<zhf@net.tsinghua.edu.cn>.  The membership of APNG-CC consists
   of individuals from both sides of the Taiwan Strait, HongKong,
   and from Singapore and other countries.  The authors wish to
   thank all members of APNG-CC.

   Prof.Yao Shiquan and Ms.Lin Ning of CITS (China Information Technology
   Standardization Technical Committee), Prof. Zhao Jingrong, Prof. Li Xing,
   and Mr.YouYue of Tsinghua University gave many help in the process
   of the work.

   Many thanks to Mr. C.J.Cherng and Mr. C.K.Fan of III (Institute for
   Information Industry), and Mr. Chang JingShin from Tsinghua University
   in Hsinchu, Taiwan.

   In particular, Mr.Masataka Ohta, who is the coordinator of APNG-I18N,
   contributed many efforts towards the work from the beginning of APNG-CC.

   The authors also wish to thank the following people who contributed
   in many ways towards this draft.

     Martin J. Duerst           Kenichi Handa
     Zhang Ling                 Zhang ZhouCai
     Zhu Bin                    Nelson Chin
     Lu Chin                    Ding ZyKaan
     Chen Shuyi                 Mao Yonggang
     Mao Yonggang               Ken Lunde
     Lua Kim Teng               Victor Cheng
     Stephen G. Simpson         Yuan Jiang
     Liu HuiFang                Harald T. Alvestrand
     Feng Hui


Security Considerations

   Security issues are not discussed in this memo.


Authors' Addresses


   Zhu,Hai-feng  (HF. Zhu)
   Dept. of Computer Science & Technology
   Tsinghua University
   Beijing, 100084
   China

   Tel: +86-1-2561144 ext. 3492
   Fax: +86-1-2564173
   Email: zhf@net.edu.cn, zhf@net.tsinghua.edu.cn


   Hu,Dao-yuan  (DY. Hu)
   Tsinghua Networking Center
   Tsinghua University
   Beijing, 100084
   China

   Tel: +86-1-2594016
   Fax: +86-1-2564173
   Email: hdy@tsinghua.edu.cn

   Wang,Zhi-guan  (ZG. Wang)
   SubCommitte 2 (SC2)
   China Information Technology Standardization Technical Committee
   (CITS)
   Beijing, 100083
   China

   Tel: +86-1-4012392
   Fax: +86-1-4010601


   Kao,Tien-cheu (TC. Kao)
   I.T. Promotion Division
   Institute for Information Industry(III)
   Taipei
   Taiwan

   Tel: +886-2-5631688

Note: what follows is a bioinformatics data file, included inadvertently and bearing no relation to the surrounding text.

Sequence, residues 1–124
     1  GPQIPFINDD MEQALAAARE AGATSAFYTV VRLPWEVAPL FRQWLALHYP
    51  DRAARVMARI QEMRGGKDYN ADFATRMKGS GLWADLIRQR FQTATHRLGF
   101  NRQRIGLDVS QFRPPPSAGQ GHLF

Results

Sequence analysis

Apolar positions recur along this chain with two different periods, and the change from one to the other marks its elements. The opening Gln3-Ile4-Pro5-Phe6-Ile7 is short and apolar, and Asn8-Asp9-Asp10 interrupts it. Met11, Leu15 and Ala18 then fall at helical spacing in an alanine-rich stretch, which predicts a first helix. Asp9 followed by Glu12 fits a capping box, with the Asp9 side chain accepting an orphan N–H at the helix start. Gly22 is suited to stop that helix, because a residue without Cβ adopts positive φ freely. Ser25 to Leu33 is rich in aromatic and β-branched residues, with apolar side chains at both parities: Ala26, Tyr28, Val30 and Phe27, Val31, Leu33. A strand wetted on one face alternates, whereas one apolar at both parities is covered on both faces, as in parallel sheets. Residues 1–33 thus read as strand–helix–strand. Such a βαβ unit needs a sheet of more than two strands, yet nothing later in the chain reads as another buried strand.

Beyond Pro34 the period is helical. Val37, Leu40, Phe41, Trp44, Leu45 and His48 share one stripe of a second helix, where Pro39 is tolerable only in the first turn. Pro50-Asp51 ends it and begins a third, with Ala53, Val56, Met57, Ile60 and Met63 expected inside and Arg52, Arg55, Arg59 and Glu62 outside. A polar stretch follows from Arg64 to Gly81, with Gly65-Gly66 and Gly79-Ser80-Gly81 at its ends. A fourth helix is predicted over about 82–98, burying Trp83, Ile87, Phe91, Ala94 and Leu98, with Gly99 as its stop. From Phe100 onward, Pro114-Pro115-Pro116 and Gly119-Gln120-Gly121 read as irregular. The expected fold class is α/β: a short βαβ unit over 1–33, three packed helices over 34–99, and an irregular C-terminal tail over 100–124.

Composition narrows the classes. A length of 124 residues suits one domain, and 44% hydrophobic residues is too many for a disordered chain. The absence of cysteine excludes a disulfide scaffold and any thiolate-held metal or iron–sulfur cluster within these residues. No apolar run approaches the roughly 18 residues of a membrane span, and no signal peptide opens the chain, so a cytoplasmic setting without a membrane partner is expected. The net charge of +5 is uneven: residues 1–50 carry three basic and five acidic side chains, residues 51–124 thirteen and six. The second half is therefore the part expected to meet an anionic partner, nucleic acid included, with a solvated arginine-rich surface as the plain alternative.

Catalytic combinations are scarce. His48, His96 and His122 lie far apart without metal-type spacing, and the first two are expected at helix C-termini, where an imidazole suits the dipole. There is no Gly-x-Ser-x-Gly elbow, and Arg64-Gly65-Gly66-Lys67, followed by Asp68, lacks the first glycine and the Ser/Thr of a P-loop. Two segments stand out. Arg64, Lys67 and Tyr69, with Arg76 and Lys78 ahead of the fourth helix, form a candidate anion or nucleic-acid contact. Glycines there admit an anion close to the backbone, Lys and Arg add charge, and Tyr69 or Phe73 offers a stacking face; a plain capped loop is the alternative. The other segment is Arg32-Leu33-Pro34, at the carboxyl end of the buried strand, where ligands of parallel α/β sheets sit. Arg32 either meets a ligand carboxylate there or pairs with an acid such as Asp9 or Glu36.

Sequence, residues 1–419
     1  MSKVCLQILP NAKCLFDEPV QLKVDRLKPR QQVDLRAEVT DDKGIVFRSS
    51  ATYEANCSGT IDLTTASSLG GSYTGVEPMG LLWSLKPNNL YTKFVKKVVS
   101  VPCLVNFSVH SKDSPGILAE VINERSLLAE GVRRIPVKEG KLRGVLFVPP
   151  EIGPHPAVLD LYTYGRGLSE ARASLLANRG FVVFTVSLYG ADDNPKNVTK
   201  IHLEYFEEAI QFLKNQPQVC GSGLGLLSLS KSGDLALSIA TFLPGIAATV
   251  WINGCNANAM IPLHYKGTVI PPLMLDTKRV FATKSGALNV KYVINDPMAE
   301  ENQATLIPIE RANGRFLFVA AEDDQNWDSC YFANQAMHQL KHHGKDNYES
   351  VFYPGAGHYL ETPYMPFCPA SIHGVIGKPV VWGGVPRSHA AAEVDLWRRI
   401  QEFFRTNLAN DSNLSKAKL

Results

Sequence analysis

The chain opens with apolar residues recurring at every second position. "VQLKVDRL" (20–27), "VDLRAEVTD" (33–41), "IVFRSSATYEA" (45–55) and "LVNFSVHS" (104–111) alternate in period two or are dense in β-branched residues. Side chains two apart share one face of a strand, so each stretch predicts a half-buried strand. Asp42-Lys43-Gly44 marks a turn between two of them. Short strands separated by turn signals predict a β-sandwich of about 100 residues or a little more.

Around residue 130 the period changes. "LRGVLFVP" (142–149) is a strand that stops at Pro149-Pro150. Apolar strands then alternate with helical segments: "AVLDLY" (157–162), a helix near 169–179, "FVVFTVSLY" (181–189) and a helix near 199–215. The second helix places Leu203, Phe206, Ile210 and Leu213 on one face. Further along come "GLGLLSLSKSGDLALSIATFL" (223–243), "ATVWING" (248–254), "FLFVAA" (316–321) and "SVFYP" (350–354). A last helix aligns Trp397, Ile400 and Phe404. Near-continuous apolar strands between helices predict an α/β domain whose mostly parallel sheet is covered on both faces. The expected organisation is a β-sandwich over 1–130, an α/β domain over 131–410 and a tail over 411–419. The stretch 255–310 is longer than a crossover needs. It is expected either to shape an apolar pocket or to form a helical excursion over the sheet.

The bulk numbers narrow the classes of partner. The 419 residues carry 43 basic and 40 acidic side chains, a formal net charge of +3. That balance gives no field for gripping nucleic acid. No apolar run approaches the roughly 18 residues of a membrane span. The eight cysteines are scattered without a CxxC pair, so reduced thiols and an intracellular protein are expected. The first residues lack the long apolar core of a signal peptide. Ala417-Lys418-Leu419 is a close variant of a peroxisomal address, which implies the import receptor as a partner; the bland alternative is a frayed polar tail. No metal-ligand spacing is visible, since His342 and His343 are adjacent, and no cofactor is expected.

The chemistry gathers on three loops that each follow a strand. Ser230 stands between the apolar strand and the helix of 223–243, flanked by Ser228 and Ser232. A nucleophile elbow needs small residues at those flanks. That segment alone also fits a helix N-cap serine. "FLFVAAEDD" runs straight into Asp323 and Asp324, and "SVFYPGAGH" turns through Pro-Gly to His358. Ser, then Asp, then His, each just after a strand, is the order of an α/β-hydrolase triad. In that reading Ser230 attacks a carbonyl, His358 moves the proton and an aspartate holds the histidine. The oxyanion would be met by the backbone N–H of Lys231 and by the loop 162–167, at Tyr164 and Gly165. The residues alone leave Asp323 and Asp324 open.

Fax: +886-2-563-4209
   Email: tckao@iiidns.iii.org.tw


   Chang,Wen-chung  (WC. Chang)
   Institute for Information Industry(III)
   Taipei
   Taiwan

   Tel: +886-2-7327771
   Fax: +886-2-7370188
   Email: chung@iiidns.iii.org.tw


   Mark R. Crispin
   Networks and Distributed Computing
   University of Washington
   4545 15th Avenue NE
   Seattle, WA  98105-4527
   USA

   Tel: +1 (206) 543-5762
   Fax: +1 (206) 685-4045
   Email: MRC@CAC.Washington.EDU


Appendix -- Conversion Table for CNS-11643 and Big5

  This is a conversion table for the Chinese characters in Big5 and
  CNS-11643, including some specific characters in Eten variant of Big5.
  Noted that this list only contains Chinese characters, symbols are
  not provided.  For more complete table, please refer to [CJK] or
  the ftp sites listed in section 1.4, where conversion programs are
  available.

 1. Big5 Level 1 correspondence to CNS 11643-1992 Plane 1:

  0xA440-0xACFD <-> 0x4421-0x5322  # Level 1 Chinese start
         0xACFE <-> 0x5753
  0xAD40-0xAFCF <-> 0x5323-0x5752
  0xAFD0-0xBBC7 <-> 0x5754-0x6B4F
  0xBBC8-0xBE51 <-> 0x6B51-0x6F5B
         0xBE52 <-> 0x6B50
  0xBE53-0xC1AA <-> 0x6F5C-0x7534
  0xC1AB-0xC2CA <-> 0x7536-0x7736
         0xC2CB <-> 0x7535
  0xC2CC-0xC360 <-> 0x7737-0x782C
  0xC361-0xC3B8 <-> 0x782E-0x7863
         0xC3B9 <-> 0x7865
         0xC3BA <-> 0x7864
  0xC3BB-0xC455 <-> 0x7866-0x7961
         0xC456 <-> 0x782D
  0xC457-0xC67E <-> 0x7962-0x7D4B  # Level 1 Chinese end